Caerau Hillfort

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Embankment of the Caerau Hillfort
Caurau Hillfort, on the south-western edge of Cardiff.
The Neolithic enclosure features are shown in red, crossing the ridge within the later Iron Age hill fort whose ramparts are shown in grey. The medieval Church and ringwork at the eastern end of the hill are shown as blue features.[1]

Caerau Hillfort (Welsh: Bryngaer Caerau) is a large triangular multivallate Iron Age hillfort, built on a previously occupied Neolithic site, occupying the western tip of an extensive ridge-top plateau in the western suburbs of Caerau and Ely, Cardiff, Wales. It is the largest Iron Age site of its type in south Wales and also one of the largest in Great Britain.[2] The old parish church, St Mary's, and a small ringwork, almost certainly a medieval castle site probably contemporary with the church, stand within the hillfort on the north-eastern side.

The hillfort[edit]

Caerau Hillfort is the third largest Iron Age hillfort in Glamorgan,[3] enclosing 5.1 hectares (13 acres), and is surrounded by housing and the A4232. It was once a stronghold of the powerful Silures tribe who inhabited this part of Wales before the arrival of the Romans.

Although excavations during Channel 4's Time Team series in April 2012 showed the hillfort's occupation began about 2550 years before present (BP), further excavations in 2013–2014 revealed evidence of the site's occupation back to the early Neolithic.[4][5] Finds included flint tools and weapons dating to 5550 BP.[5] Iron Age and Romano-British pottery as well as a single fragment of a mortarium (1st century AD Roman pouring vessel) have been found from an area north-west of the southern entrance.[6]

The steep north and south slopes of the ridge are both fortified by three massive ramparts with accompanying ditches, although these are hidden beneath trees and scrub. On the east side the hillfort defences appear to have been reduced to two ramparts in the north and one in south. There seem to have been two entrances to the hillfort, one in the middle of the east side and one west of the south corner. At the east entrance the ramparts curve round to command the approach, but there is no corresponding in turn at the south entrance. An apex in the north-west of the hillfort may be a third entrance, but it has been heavily eroded by water flowing from a spring.

The interior, now pasture, was cultivated in the past, and the characteristic traces of rig and furrow agriculture can be seen on aerial photographs. It is traversed by two earthworks which may be old field boundaries, or even the remains of a smaller, earlier hillfort or even a Neolithic causewayed enclosure.

St Mary's church[edit]

St Mary's church
The church before it was deconsecrated in 1971
The church in ruins in 2011

St Mary's church probably dates to the 13th century, and is set within an oval churchyard. Today, it is ruinous and consists of stone walls, mostly stone rubble, nave with south porch and north vestry, chancel and a tower. St Mary's was restored c. 1885 by John Prichard, the Llandaff diocesan architect, who rebuilt the chancel, while the vestry was added in c. 1920. The church was closed in 1957 and allowed to fall into ruin, but was again restored in 1961 by Father Victor Jones. However, after Father Jones left the diocese, the church was again allowed to fall into disrepair.[7]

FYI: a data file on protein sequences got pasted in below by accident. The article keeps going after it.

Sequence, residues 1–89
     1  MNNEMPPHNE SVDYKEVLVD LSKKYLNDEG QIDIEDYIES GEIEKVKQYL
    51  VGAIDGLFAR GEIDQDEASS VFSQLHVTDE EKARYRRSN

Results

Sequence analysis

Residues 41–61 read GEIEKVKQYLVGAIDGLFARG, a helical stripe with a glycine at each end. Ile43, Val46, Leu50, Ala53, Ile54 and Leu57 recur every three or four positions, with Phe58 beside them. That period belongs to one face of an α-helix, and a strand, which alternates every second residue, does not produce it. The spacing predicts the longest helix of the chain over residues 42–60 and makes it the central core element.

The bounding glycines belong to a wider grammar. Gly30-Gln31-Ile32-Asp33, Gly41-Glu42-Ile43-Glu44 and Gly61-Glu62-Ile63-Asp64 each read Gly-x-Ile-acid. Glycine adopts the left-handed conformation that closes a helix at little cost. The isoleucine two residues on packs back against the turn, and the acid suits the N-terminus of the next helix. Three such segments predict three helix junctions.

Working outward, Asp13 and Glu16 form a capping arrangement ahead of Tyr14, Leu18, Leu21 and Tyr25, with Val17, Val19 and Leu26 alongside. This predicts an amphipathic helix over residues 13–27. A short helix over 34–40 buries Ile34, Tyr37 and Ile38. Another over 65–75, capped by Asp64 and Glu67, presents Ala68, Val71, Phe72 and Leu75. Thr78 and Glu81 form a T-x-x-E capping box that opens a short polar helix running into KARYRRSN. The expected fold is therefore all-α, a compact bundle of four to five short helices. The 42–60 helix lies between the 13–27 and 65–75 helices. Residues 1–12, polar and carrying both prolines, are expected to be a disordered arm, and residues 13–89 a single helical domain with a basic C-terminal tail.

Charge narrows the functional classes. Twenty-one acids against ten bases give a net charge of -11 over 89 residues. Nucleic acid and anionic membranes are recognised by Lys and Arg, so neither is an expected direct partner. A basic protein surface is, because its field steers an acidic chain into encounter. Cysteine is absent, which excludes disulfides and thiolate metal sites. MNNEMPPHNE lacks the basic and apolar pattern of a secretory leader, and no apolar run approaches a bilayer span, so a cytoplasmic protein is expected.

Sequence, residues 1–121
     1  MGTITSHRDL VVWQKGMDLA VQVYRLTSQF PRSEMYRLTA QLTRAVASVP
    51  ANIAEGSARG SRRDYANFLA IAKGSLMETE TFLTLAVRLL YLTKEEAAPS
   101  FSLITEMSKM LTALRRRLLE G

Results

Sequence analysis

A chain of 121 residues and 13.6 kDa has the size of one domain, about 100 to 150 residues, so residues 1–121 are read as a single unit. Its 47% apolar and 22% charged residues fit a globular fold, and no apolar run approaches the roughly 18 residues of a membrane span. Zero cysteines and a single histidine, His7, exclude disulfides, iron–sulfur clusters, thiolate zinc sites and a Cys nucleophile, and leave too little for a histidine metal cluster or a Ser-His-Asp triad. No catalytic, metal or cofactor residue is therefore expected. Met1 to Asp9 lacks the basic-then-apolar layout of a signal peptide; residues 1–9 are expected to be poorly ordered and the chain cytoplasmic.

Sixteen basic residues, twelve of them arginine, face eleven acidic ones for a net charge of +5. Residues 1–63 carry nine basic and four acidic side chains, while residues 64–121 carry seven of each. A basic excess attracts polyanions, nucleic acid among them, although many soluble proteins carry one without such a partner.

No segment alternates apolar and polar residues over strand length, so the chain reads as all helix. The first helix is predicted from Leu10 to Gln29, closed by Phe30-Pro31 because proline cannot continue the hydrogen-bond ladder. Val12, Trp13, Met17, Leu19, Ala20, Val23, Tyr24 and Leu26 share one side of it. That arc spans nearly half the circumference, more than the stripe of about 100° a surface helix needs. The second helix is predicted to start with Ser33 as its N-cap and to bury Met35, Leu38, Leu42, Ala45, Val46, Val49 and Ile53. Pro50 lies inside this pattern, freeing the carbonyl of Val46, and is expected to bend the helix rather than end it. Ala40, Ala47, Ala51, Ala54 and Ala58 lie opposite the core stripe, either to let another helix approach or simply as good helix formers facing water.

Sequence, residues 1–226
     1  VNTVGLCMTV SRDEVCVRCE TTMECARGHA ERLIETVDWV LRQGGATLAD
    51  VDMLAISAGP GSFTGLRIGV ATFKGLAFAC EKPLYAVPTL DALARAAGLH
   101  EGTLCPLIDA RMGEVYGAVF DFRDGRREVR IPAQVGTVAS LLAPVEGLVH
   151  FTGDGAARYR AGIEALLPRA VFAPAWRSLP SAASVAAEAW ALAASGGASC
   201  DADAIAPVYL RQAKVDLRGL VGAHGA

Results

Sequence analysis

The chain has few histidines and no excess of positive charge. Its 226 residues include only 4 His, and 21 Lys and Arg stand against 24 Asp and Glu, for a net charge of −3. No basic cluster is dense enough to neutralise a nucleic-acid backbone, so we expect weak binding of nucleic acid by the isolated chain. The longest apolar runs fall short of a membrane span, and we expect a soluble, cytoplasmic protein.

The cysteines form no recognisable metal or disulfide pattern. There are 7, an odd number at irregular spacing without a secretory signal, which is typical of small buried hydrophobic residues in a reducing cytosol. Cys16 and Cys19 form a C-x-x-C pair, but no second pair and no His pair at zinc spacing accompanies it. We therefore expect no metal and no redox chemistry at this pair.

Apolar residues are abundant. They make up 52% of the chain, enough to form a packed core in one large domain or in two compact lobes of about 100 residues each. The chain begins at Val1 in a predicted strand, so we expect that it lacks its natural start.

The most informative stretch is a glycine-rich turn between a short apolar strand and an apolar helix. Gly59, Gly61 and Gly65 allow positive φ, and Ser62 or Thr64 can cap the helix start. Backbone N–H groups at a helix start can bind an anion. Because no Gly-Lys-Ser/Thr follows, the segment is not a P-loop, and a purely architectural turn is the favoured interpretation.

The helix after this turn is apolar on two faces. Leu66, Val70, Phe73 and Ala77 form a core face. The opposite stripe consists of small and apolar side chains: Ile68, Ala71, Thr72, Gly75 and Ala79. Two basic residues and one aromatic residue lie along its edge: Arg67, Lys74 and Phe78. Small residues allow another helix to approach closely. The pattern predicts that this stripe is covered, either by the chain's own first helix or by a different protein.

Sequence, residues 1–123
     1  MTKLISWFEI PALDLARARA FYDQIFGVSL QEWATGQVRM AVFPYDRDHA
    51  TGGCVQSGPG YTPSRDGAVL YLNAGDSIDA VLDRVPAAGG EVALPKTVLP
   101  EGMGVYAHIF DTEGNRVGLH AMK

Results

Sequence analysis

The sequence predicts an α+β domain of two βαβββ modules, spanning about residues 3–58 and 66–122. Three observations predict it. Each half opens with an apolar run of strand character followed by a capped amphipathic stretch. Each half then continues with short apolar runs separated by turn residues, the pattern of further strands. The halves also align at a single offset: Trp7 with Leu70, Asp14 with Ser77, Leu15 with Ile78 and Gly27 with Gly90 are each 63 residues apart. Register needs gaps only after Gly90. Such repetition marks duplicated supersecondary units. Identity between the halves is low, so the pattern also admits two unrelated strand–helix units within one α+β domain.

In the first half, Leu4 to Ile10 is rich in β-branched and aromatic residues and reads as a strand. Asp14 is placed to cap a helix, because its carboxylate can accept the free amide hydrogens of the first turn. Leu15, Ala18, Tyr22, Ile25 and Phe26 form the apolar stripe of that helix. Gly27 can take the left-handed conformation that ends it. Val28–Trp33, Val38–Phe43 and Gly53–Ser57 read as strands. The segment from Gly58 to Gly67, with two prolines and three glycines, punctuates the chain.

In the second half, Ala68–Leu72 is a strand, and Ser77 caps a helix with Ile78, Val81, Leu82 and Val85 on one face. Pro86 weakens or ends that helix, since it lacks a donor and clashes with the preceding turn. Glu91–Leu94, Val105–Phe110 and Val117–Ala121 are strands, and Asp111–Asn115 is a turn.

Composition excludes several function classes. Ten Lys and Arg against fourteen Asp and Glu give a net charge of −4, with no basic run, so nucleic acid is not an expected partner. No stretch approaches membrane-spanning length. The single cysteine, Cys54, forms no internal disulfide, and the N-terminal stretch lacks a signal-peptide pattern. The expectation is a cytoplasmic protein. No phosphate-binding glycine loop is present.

The ringwork[edit]

To the north-east of St Mary’s church is an oval medieval ringwork measuring 35 m by 20 m. The oval enclosure is defined by a rampart and ditch with an entrance facing southwest towards St Mary's church. It is possible that it is an unrecorded castle belonging to the Bishops of Llandaff, probably contemporary with the church.

See also[edit]

Notes[edit]

  1. ^ Oliver Davis and Niall Sharples (2017). "Early Neolithic Enclosures in Wales". The Antiquaries Journal. The Society of Antiquaries of London. 97: 5. ISSN 0003-5815. 
  2. ^ "Caerau Hillfort". Channel 4. Retrieved 26 January 2014. 
  3. ^ RCAHMW, 1976. An Inventory of the Ancient Monuments in Glamorgan Vol I: Pre-Norman Part II: The Iron Age and Roman Occupation. Cardiff: HMSO.
  4. ^ "Caerau Hillfort; Caerau Camp; Caerau Ely". The Royal Commission on the Ancient and Historical Monuments of Wales website. Royal Commission on the Ancient and Historical Monuments of Wales. 2015. Retrieved 22 June 2015. 
  5. ^ a b "Digging the 'Diff". Cardiff University website. Cardiff University. 22 June 2015. Retrieved 22 June 2015. 
  6. ^ Jarvis, P.H. 1965. Glamorganshire no 33. Archaeology in Wales 5, 17.
  7. ^ Jay, D. and Lewis, R. 2008. St Mary The Virgin Church, and hillfort at Caerau: a history 1260–2008. Cardiff: DAJAY Publications.

External links[edit]

Coordinates: 51°28′02″N 3°14′54″W / 51.4672°N 3.2483°W / 51.4672; -3.2483